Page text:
Summer is here, and it’s time to relax and enjoy the warmer weather!
But summer is also a time where energy usage increases tenfold. With kids out of school and some corporations offering “Summer Fridays,” you might be home more often to begin with. But the biggest offender is typically your air conditioning, which a lot of homeowners crank up in the summertime as they hide from the sweltering heat.
While you don’t want to be miserable around your home, there are certainly ways you can reduce your energy usage overall, which can save both money and the planet. Keep reading as we explore some of the best ideas to try out.
1. Adjust Your Thermostat
This is one of the more popular tips you’ll hear, and the good news is, it’s relatively low effort! The idea is simple: take a look at your thermostat, and try to stomach setting it just slightly above the norm. The Department of Energy suggests setting it at 78 degrees Fahrenheit in the summer, which can save you up to 10% in energy costs! If that is too warm for you, just try setting it for as high as you’re comfortable. Ultimately, keeping the difference between the indoor temperature and the outdoor temperature as small as possible is the key. A programmable thermostat can help with this, as it will auto-adjust throughout the day.
If you’ll be out of the house, set it a bit higher than that (try 85° F), and the same goes for when you’re sleeping. You might even consider turning the system off entirely if you’re away from home. Of course, you’ll want to take into account your personal situation to find the right number. If there are pets in your home, for example, you may not want to go that high.
Opting for a fan instead of your air conditioning can also help tremendously. Ceiling fans are ideal for cooling an entire room, while a personal or portable fan can target one or two people directly and are relatively inexpensive. A decent fan should allow you to bump your thermostat up about four degrees and still maintain the same comfort level.
2. Check Your Appliances and Systems
The next tip is something that is a must on your homeowner to-do list. Once or twice a year, plan to do a routine check of your heating and/or cooling systems to make sure everything is running effectively and efficiently. You’ll also need to regularly vacuum or clear out your vents, as dust tends to build up throughout the year. A professional tune-up is often worth the cost, as the technician will do a full clean-out of the system as well as perform any preventative maintenance needed.
If it’s time to upgrade your air conditioning unit, it’s a great opportunity to invest in a top-of-the-line model that will save you money in the long term. Heating and cooling account for almost half of the energy usage in your home, so it’s important to do your research here! Look for Energy Star-certified systems that have good Seasonal Energy Efficiency Ratio (SEER) and Energy Efficiency Ratio (EER) ratings for the best options.
3. Mind Your Water
Water usage also typically goes up in the summer, from watering your lawn more to taking extra showers. Outside of completely “zeroscaping” your yard (getting rid of the grass in favor of rocks, gravel, and low-water plants like succulents), the best tip here is to adjust when you’re watering your lawn. Try watering in the early morning or evening, so that the water doesn’t quickly evaporate into the hot summer air.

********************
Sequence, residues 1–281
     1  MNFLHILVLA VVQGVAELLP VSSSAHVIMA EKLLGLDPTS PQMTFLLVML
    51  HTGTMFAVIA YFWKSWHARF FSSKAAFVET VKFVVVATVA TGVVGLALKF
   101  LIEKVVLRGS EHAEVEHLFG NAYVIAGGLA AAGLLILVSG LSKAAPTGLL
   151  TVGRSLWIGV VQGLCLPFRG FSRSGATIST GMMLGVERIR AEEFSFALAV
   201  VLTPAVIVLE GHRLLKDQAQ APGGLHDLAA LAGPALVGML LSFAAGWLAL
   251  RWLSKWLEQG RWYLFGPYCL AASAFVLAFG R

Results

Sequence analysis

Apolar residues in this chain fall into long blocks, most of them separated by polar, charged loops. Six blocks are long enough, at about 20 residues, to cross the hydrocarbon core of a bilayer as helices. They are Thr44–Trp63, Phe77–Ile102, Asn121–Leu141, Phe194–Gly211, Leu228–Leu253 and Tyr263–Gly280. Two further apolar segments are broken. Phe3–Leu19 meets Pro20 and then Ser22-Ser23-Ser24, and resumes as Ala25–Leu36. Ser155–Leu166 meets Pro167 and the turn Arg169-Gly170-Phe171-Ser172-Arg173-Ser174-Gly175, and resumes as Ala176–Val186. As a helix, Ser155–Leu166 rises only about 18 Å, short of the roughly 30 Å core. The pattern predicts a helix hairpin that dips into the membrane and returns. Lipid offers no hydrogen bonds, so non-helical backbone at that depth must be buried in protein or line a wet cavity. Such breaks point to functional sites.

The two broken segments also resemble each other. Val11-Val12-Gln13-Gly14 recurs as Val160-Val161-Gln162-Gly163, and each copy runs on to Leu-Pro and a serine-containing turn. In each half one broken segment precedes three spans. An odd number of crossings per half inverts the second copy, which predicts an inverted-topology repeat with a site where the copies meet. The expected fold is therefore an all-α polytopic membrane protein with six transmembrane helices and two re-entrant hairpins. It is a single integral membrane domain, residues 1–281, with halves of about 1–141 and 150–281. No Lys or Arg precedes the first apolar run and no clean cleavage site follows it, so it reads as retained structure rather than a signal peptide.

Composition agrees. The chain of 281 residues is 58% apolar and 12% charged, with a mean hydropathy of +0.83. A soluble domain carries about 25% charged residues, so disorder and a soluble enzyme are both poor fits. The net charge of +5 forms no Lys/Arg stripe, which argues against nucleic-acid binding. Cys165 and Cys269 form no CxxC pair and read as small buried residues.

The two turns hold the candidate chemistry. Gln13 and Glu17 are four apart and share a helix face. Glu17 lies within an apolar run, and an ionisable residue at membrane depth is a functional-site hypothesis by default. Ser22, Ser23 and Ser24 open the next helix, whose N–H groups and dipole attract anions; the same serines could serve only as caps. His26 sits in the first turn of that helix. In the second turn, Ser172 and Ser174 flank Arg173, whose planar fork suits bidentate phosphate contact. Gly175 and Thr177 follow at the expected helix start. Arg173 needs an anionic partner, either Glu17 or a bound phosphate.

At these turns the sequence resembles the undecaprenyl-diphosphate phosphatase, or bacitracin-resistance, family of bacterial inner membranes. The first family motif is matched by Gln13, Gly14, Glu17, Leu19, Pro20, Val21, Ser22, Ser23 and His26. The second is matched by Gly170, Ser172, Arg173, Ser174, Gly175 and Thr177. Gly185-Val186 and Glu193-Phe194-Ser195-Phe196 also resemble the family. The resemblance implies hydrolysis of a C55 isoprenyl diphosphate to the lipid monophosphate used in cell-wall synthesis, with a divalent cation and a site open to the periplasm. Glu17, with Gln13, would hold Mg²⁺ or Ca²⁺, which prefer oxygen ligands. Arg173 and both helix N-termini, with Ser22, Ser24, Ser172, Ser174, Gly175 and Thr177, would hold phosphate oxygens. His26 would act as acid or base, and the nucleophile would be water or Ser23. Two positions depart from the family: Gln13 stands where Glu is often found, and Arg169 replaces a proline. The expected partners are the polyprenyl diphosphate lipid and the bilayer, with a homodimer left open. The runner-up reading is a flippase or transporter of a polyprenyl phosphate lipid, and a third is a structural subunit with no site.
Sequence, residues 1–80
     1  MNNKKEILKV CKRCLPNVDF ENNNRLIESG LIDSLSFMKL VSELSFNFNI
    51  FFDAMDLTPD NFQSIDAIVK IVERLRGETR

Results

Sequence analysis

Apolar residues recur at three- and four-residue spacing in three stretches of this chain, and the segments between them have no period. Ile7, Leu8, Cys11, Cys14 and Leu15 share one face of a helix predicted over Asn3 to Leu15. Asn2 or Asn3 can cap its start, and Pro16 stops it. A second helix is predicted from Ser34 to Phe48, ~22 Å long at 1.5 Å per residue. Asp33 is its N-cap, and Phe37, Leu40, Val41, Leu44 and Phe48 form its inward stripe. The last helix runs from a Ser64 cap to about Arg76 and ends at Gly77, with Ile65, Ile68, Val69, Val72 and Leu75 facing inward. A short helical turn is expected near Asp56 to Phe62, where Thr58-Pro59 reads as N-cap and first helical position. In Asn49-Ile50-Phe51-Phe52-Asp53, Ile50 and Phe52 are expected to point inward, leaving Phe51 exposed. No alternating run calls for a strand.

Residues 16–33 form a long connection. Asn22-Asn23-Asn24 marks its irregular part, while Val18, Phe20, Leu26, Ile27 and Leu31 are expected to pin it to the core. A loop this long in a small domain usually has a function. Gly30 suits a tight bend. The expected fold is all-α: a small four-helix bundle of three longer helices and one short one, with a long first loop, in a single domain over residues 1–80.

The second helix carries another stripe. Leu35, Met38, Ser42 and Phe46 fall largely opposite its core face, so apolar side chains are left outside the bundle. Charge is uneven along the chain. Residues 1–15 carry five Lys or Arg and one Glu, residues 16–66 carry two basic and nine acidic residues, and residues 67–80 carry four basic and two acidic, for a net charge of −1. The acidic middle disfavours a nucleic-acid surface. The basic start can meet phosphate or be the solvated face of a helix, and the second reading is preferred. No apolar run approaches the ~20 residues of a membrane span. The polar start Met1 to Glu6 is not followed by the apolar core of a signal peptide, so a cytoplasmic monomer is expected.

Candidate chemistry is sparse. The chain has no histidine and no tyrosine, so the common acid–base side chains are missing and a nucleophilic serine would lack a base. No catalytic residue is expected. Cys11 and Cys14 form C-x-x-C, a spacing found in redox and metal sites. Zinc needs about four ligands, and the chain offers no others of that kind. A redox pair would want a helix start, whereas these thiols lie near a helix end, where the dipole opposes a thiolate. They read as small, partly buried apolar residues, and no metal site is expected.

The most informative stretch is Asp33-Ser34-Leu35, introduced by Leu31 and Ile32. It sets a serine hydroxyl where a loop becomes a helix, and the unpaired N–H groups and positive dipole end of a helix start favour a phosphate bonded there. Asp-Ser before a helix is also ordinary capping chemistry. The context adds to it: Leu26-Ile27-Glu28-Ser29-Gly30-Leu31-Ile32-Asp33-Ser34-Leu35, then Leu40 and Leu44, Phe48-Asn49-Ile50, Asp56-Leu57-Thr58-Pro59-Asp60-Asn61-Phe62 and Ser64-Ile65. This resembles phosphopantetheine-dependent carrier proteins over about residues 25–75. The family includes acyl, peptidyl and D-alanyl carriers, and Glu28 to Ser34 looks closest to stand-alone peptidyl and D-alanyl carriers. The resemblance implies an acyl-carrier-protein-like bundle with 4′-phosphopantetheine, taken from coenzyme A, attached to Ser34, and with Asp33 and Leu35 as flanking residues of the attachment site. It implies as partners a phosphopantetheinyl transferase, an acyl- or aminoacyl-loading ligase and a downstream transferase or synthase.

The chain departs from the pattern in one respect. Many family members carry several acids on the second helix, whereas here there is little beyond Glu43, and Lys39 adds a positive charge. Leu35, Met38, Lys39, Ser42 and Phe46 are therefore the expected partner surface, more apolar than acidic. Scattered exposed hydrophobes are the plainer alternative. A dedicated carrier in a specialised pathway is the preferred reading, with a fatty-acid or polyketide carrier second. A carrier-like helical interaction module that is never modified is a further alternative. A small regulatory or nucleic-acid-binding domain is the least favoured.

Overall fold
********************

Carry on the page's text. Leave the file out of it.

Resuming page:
As for your personal water use, installing low-flow water fixtures can also help. Typically you can find these options for showerheads and toilets, as well as your outdoor sprinkler.
Finally, water heating can also use up a lot of energy—about 18% of your home’s energy use, in fact! To help reduce this, consider setting your water heater to no more than 120 degrees, and be mindful of the water you use while showering. Keep it short, and you’ll see the difference on both your water and heating bill!
4. Upgrade Your Windows
Effort: Low to High (but worth it!)
If you own an older home and/or if you’ve been slacking on the regular home maintenance, you may actually be contributing to the problem! Cracks and air leaks in your windows could be letting in the hot summer air, despite your best efforts to keep things cool indoors.
To combat this, you’ll need to weatherproof your windows and doors. Filling cracks and gaps with caulking or weatherstripping is an easy way to do this, and it can go a long way.
Even better, consider upgrading your windows entirely to really save! Although it’s a high upfront cost, this is one swap that pays back dividends over the years in energy efficiency and your overall comfort. Double-pane windows can reduce energy usage by up to 18 percent during the summer, and advancements in glass coating technology like Low-E glass. One of the main benefits of Low-E glass is that it minimizes the UV and infrared light that comes through your windows and glass doors, which can reduce your energy use.
5. Unplug and Recharge
This one might be the easiest tip of them all! It’s simple: be mindful of when you use your devices and appliances, and unplug them (if you can) when they’re not in use!
For the former, think about electronics like your TV, computer, and even your phone charger. Unplugging these items when you’re not using them can save you up to $100 per year, according to the Department of Energy!
The latter refers to appliances like your dishwasher and clothes dryer. While you can’t easily unplug these, just reconsider when you’re using them, as they can put out a lot of heat! If you can wait until the sun goes down to run them.
Get Ready for Summer
Ready to reduce your bills and elevate your home at the same time? At Cover Glass, we’re proud to offer beautiful frameless glass products that do both, thanks to their weatherproofed properties. Cover Glass is better than standard glass because of this, creating an energy-efficient environment you’ll be proud to call home.